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A DIY Ball Table
  
  Index -> Micros & Macros - Images of Minerals
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Paul S




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PostPosted: Jun 07, 2010 13:07    Post subject: A DIY Ball Table  

I have come up with a cheap solution to a common problem. While looking at minerals through a microscope, it happens a lot that a specimen needs to be viewed under a different angle to get a better focus or to get a better view of a certain part of the specimen. One could use sand or forms of fixation kit or rice to position the specimen at a different angle, while preventing it from falling over. I tried those methods, but I was not satisfied with them. They are not accurate enough and one needs to touch the specimen a lot to get the tilt right.

So I came up with the following tool: a ball table. They can be bought, mostly designed for specific microscopes, but they are very expensive. So I build one myself from various parts I had lying around. As you can see in the photos, I used a piece of wood with a hole in it, I glued another one underneath it, so the plastic ball could sit in the hole. There was however not enough friction between the wood and the plastic, so I added a rubber band to make sure the plastic ball would not move after being tilted. In the plastic ball, I added a bit of sand as extra counterweight and I glued a round piece of wood in the plastic ball for the specimen to sit on. I then added some grey 'blue tack' (it’s a kneadable form of rubber eraser) so specimens won't slide along the surface.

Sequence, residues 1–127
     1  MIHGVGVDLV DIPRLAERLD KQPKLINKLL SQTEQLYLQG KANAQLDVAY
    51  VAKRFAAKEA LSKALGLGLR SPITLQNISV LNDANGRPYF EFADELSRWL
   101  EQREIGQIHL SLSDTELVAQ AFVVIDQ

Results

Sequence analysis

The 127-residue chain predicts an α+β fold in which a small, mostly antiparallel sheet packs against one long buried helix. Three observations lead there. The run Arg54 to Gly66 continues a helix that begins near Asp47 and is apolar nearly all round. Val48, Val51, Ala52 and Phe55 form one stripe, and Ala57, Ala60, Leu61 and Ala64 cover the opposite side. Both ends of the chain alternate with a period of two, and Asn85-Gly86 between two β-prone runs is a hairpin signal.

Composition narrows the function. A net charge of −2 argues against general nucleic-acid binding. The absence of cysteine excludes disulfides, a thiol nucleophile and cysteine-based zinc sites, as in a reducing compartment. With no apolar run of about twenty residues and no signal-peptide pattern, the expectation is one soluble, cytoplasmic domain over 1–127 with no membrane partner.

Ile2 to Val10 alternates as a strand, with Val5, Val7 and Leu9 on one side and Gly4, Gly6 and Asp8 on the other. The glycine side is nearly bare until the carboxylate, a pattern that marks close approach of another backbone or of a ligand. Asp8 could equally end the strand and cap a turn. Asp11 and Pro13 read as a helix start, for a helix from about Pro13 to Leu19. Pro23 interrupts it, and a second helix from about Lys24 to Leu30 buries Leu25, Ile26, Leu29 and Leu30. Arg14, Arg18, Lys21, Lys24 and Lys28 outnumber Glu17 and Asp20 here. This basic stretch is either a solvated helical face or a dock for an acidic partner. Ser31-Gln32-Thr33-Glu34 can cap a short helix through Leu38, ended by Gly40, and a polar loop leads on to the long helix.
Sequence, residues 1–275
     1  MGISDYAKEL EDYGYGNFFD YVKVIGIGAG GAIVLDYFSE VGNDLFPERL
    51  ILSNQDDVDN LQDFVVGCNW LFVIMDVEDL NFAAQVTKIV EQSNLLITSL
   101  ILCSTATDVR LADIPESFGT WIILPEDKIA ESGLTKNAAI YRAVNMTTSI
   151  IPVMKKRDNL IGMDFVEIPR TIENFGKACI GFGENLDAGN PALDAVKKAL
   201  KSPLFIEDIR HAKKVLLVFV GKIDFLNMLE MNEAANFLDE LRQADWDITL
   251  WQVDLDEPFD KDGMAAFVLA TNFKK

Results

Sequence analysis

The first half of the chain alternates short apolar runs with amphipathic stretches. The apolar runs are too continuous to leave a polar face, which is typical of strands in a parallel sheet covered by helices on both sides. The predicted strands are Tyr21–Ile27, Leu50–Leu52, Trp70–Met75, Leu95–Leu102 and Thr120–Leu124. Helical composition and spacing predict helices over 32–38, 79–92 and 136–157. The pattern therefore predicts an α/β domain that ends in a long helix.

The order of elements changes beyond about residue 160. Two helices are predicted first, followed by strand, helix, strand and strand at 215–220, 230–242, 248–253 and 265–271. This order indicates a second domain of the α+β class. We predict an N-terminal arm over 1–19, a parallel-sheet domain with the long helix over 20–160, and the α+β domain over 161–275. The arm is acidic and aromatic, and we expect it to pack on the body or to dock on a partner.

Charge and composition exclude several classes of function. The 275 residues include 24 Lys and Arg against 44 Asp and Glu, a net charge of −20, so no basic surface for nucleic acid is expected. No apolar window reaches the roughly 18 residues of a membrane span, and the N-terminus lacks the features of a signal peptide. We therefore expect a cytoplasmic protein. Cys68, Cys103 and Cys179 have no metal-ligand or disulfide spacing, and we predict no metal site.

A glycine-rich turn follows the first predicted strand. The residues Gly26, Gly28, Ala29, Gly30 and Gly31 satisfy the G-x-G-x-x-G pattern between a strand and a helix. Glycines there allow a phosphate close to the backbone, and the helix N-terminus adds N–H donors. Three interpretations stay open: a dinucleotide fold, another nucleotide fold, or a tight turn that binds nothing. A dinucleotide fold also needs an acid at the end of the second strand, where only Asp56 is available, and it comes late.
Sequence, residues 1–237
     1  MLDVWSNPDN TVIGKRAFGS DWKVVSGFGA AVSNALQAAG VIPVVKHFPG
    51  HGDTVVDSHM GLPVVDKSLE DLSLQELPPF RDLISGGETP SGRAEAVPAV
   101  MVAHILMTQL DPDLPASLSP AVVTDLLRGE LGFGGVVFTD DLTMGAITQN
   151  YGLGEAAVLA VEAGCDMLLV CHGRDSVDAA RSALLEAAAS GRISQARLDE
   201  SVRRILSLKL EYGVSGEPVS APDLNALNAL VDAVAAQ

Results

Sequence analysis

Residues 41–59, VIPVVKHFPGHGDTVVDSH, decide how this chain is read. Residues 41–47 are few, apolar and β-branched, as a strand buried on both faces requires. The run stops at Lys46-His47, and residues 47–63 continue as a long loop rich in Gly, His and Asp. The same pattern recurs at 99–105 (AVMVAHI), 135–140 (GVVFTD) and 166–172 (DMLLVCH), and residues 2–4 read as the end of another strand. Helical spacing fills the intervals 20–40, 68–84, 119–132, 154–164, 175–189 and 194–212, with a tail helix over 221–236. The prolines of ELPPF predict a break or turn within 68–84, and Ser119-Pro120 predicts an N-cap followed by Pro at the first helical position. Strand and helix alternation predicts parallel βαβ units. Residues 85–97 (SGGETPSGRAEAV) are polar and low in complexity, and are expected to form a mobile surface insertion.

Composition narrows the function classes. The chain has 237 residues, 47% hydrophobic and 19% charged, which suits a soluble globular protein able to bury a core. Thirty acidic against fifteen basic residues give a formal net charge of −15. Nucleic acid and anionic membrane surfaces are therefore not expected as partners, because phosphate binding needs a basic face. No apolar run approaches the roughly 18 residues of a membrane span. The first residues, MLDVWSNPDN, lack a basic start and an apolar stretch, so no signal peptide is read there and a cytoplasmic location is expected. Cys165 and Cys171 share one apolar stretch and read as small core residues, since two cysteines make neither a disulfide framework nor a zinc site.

I also made a clear version for through lighting, it consists of the same plastic ball, but this time I glued a petri dish into it. It sits a bit higher into the ball, but only smaller specimens will require through lighting, so it’s not really a problem.

Of course the whole setup works only for smaller specimens, but everything that will fit underneath my microscope will fit on the ball table.

I hope this bit of kit will inspire you all, for I have found it very useful and easy to operate.



IMG_5244 copy.jpg
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Top left and clockwise: 1) normal ball table, 2) translucent ball table, 3) the 'ball' and the 'table', 4) close-up of the rubber band.